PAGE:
Benjamin Colman

To Urania On the Death of her first and only Child.

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Why mourns my beauteous Friend, bereft?
Her Saviour and her Heav'n are left:
Her lovely Babe is there at Rest,
In Jesus' Arms embrac'd and blest.
Would you, Urania, wish it down
From yon bright Throne, and shining Crown?
To your cold Arms, and empty Breast,
Could Heaven indulge you the Request;
Your Bosom's neither warm nor fair,
Compar'd with Abraham's: leave it there.
He, the fam'd Father of the Just,
Beheld himself but Earth and Dust,
Before the Will of God most High,
And bid his Darling Isaac die.
When Heav'n requir'd in Sacrifice
The dear Desire of his Eyes;
And more to prove his Love commands
The Offering from the Father's Hands;
See how th' illustrious Parent yields,
And seeks Moriah's mournful Fields.
He bound his lovely only Child
For Death; his Soul serene and mild:
He reach'd his Hand, and grasp'd the Knife,
To give up the devoted Life.
Less Heaven demands of thee, my Friend;
And less thy Faith shall recommend.
All it requires, is to resign,
To Heaven's own Act, and make it thine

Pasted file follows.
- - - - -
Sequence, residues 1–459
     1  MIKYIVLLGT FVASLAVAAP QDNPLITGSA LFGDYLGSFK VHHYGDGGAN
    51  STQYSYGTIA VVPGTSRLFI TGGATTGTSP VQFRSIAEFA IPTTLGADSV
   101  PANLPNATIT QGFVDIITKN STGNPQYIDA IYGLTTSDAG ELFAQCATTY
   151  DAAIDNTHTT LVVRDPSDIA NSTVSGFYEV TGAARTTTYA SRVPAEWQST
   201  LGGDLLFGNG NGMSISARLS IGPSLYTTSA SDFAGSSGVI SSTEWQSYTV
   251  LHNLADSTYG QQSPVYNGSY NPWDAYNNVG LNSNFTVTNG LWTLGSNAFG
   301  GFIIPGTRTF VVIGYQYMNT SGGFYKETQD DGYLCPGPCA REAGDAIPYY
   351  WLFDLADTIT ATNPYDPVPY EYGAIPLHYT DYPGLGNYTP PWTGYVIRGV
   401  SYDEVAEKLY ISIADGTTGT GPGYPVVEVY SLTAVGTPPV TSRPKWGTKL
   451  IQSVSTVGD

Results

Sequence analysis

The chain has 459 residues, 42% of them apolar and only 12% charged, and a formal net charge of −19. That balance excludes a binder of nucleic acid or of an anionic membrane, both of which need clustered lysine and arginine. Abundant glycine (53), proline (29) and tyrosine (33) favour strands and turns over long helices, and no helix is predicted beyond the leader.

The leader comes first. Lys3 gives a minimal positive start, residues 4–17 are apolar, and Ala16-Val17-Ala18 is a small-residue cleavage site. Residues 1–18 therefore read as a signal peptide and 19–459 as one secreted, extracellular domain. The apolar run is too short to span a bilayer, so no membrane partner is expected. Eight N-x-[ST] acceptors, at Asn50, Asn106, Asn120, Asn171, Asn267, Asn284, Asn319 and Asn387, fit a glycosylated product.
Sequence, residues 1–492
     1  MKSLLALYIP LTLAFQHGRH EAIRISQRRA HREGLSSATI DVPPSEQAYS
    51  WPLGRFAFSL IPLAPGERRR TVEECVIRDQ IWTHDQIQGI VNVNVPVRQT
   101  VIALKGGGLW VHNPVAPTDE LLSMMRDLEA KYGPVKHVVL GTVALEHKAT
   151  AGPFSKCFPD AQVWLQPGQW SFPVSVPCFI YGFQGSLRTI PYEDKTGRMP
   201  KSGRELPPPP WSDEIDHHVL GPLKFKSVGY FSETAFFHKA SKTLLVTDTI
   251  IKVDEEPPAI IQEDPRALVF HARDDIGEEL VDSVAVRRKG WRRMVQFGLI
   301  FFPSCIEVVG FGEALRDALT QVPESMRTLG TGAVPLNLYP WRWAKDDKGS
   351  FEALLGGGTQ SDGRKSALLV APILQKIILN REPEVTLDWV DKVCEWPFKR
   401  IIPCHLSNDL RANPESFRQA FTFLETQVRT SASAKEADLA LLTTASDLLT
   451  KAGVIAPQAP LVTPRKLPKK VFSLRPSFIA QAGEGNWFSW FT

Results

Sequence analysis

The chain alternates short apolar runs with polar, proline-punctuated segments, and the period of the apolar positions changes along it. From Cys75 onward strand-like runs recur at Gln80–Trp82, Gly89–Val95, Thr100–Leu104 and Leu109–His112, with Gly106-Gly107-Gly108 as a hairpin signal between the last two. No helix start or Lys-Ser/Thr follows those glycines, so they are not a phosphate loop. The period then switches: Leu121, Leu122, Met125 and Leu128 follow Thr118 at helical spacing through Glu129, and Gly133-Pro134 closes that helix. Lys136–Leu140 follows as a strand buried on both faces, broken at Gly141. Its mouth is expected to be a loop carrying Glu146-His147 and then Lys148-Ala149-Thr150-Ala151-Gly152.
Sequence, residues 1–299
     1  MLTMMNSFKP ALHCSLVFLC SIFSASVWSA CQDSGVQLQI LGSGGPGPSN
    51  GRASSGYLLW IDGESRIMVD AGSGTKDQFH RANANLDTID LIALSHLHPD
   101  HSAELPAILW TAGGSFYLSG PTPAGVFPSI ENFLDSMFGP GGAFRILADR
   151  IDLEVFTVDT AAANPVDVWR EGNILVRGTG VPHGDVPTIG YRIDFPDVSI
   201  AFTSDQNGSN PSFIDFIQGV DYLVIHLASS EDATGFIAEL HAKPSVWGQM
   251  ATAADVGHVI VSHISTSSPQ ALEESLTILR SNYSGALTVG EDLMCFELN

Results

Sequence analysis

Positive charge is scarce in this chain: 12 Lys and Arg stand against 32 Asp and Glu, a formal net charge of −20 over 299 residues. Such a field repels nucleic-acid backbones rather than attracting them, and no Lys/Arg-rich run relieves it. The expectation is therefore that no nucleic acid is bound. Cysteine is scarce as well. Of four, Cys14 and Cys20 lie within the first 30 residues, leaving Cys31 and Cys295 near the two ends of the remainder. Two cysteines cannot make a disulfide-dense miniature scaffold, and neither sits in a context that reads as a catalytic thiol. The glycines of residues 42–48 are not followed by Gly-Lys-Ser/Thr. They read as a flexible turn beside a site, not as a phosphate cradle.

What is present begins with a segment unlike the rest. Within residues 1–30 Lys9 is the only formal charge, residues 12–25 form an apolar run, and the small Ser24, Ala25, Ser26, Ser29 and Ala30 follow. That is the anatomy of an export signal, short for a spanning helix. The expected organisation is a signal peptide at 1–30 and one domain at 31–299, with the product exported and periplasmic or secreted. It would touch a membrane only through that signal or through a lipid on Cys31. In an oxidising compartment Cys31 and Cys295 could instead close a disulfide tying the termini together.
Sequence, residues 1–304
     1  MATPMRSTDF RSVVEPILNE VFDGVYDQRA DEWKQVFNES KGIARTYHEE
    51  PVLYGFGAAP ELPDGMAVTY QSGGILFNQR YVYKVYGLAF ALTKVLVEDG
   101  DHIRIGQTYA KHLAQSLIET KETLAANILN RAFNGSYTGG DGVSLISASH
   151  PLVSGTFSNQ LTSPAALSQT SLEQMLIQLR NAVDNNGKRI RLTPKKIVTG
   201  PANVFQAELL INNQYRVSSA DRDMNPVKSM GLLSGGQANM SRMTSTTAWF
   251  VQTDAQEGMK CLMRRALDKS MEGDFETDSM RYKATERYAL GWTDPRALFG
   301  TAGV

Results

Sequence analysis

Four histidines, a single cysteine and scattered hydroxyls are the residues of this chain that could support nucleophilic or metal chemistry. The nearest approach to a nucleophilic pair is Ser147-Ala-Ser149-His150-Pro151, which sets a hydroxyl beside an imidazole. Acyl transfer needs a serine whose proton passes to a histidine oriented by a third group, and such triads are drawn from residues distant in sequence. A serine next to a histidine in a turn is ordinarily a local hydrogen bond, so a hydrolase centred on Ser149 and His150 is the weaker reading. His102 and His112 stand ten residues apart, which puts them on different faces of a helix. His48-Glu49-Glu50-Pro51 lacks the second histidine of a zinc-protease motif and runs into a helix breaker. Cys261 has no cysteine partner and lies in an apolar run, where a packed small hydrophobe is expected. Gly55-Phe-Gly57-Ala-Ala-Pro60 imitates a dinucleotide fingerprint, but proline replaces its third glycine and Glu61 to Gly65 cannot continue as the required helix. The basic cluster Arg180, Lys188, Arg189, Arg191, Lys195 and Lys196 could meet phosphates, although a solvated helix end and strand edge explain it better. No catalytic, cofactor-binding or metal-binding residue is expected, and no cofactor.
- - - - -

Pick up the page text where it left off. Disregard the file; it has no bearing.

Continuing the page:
By Silence under Discipline.
The least we to our Maker owe!
The least, Urania, you did vow!
The least that was your Saviour's Claim,
When o'er your Babe his glorious Name
Was call'd in awful Baptism! Then
You gave it back to Heaven again.
You freely own'd that happy Hour,
Heaven's Right, Propriety and Power,
The Loan at Pleasure to resume,
And call the pretty Stranger Home.
A Witness likewise at its Birth
I stood, that Hour of Joy and Mirth:
I saw your thankful Praises rise,
And flow from pleas'd, uplifted Eyes:
With rais'd Devotion, one Accord,
We gave the Infant to its Lord.
And think, Urania, 'ere that Day,
While the fair Fruit in secret lay,
Unseen, yet lov'd within the Womb,
(Which also might have been its Tom
How oft, before it blest your Sight,
In secret Prayers with great Delight,
You did recognize Heaven's Right.
Now stand to these blest Acts, my Friend:
Stand firmly by them to the End:
Now you are try'd, repeat the Act;
Too just, too glorious to retract.
Think, dear Urania, how for thee,
God gave his only Son to be,
An Offering on the cursed Tree.
Think, how the Son of God on Earth;
(The spotless Virgins blessed Birth)
Our lovely Babes took up, and blest;
And them high Heirs of Heaven confest!
Think, how the Bless'd of Women stood,
While impious Hands, to th' cursed Wood
Nail'd down her only Son and God!
Learn hence, Urania, to be dumb!
Learn thou the Praise that may become
Thy lighter Grief; which Heaven does please
To take such wondrous Ways to ease.
Adore the God, who from thee takes,
No more than what he gives and makes:
And means in tenderest Love, the Rod
To serve to thy eternal Good.

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Benjamin Colman